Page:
Children's Museum says it will survive lean times
East Lyme - When the executive director of the Children's Museum of Southeastern Connecticut went before the Board of Selectmen earlier this month, she spoke of how spending even $200 on an attorney's fee for a storage-space lease with the town would be difficult for the tiny museum.
The museum's budget was frozen, Christy Hammond said, and she was down to just one full-time staff member - herself.
The situation sounded dire, so dire that Rob Wilson, a selectman and founding member of the museum, offered at the meeting to pay the bill himself.
"I just think it's probably, unfortunately, like anything else, they're trying to do it between a combination of donations and fundraising and admission prices," Wilson said afterwards of his offer. "And just that combination of things (has) slowed down for everyone. I didn't realize that she was the only full-time employee left. That shocked me a little bit."
Rumors that the museum, at 409 Main St., was on the brink of collapse have abounded since late last year. But Hammond and museum trustees said recently that the museum isn't going anywhere.
"Those are just rumors," board president Carla Barone, a local attorney, said. "We're not closing."
And the situation isn't as bad as it may sound, Hammond said. The only other full-time employee, Michael Neville, left recently for graduate school, and the museum has decided to return Neville's old job to part-time to save money.
Ten part-timers and a number of volunteers help keep the museum running, Hammond said.
There are no plans to reduce staff or shrink the program offerings, she said. And the museum is planning a big 20th anniversary celebration later this year - a birthday party in August and a "$20 for 20" fundraiser where the museum will ask supporters to donate $20 each to celebrate the milestone.
Hit hard by the recession
But as with many nonprofits, the recession undeniably has slowed the Children's Museum down. It's not uncommon - while museums are beginning to report a turnaround in finances, small and mid-size museums are still struggling, said Dan Yaeger, executive director of the New England Museum Association.
That's because in trying times, donations tend to go to nonprofits with humanitarian causes that directly help those in need, Yaeger said.
"There's sort of a perception out there that museums stand on their own," he said. "In recessions, museum giving does tend to trend downwards."
The Children's Museum's 2009 tax return for nonprofits - the most recent available, as the museum's fiscal year begins Oct. 1 - shows a $34,126 deficit as of September 2010. The deficit in the 2008-09 fiscal year was $34,987, according to the 990 form. Other children's museums in Connecticut also showed deficits on their 2009 tax returns.
"Yes, we've had some challenges," Barone said. "But we don't feel our challenges are different from other children's museums in the country, and certainly, nonprofits in our area."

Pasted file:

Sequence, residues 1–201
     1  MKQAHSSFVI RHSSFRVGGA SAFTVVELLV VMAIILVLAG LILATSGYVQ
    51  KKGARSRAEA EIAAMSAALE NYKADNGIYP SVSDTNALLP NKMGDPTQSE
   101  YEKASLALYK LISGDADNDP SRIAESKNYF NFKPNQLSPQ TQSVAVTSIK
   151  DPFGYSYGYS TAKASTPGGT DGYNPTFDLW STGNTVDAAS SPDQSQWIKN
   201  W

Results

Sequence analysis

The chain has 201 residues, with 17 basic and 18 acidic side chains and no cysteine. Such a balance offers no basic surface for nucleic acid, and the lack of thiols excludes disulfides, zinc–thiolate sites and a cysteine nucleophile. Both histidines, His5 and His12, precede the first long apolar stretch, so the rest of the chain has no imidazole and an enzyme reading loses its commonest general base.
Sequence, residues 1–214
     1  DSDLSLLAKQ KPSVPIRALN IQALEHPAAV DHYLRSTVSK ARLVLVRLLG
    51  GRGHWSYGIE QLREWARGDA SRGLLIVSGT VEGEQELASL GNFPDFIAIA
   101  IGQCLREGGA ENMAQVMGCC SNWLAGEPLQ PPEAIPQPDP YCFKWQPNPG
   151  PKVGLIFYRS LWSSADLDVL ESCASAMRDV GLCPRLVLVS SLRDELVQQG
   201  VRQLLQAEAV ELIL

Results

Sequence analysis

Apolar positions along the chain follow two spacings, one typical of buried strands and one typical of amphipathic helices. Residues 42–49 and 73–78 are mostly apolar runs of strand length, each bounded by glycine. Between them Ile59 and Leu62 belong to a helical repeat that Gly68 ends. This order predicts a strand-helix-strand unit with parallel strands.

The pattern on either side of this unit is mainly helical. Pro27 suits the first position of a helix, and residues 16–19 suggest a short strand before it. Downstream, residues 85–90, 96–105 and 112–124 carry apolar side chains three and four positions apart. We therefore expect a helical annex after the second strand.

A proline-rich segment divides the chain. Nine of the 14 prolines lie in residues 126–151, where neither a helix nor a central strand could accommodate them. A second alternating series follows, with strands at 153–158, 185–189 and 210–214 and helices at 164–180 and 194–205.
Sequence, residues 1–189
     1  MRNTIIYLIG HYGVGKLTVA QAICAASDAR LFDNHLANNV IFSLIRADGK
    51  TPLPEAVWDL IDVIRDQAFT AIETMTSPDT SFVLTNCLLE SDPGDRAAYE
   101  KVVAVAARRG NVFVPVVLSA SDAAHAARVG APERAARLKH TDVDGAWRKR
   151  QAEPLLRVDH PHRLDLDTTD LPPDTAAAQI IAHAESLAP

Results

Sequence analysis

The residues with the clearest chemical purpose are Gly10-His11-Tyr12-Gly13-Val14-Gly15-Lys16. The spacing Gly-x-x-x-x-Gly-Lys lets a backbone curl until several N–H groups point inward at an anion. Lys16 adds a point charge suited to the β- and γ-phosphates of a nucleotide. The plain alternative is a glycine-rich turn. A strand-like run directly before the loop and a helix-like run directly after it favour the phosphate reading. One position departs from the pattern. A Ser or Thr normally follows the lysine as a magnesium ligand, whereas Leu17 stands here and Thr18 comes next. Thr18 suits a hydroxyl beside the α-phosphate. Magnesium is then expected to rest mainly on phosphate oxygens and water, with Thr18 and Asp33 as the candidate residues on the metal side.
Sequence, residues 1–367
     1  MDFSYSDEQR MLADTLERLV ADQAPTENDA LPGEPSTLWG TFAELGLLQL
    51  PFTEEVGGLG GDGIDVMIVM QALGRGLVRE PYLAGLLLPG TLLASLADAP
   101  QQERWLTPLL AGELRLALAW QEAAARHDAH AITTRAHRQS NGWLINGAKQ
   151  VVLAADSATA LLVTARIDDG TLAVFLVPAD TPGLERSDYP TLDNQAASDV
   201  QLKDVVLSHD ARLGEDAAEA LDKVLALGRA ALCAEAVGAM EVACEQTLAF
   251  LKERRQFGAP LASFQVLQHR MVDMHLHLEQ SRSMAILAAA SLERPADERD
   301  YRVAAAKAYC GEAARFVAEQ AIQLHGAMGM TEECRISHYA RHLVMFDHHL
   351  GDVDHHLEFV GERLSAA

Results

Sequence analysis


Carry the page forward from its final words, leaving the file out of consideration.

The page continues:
Adding to the financial challenges the museum saw late last year was the fact that the museum did not hold its popular Fairy Tale Ball fundraiser because the board member in charge of the event had left the board, Barone said.
With no local, state or federal funding, the museum depends on corporate sponsors, local grants and donations from such fundraisers to finance its annual budget. Since 2008, the ball, expected to return this year, has been responsible for generating about 85 percent of the museum's annual fundraising goal, Barone said.
Educational programs, admission, membership and off-site classes make up about 80 percent of the museum's earned income, according to Hammond.
While admission - 38,880 people visited the museum during the 2010-11 fiscal year - and low-income families taking advantage of discounted 25-cent admission fee are up, the number of visitors who pay full-price at the door is down, Barone said.
"People have less discretionary cash to pay that paid admission," she said.
But programs, especially the free 1st Friday Nights and inclusive programs for children with special needs, remain popular. In January and February, the 1st Friday Nights program reached capacity at around 140 people, and the museum found itself having to turn people away, Hammond said.
The museum is continuing to "watch the pennies" but is also positioning itself for the future, said board member Holly Cheeseman, also an East Lyme selectman.
In September, the museum switched its heat source from an outdated electric heater to a $50,000 geothermal heating-and-cooling system, thanks to donations, rebates and donated labor. The move already has cut the heating bill nearly in half since the system went online in November, though Hammond acknowledged this has been an uncharacteristically mild winter.
The board is also working on a new strategic plan, Cheeseman said.
"We are dedicated to remaining in Niantic," she said. "This is our home."
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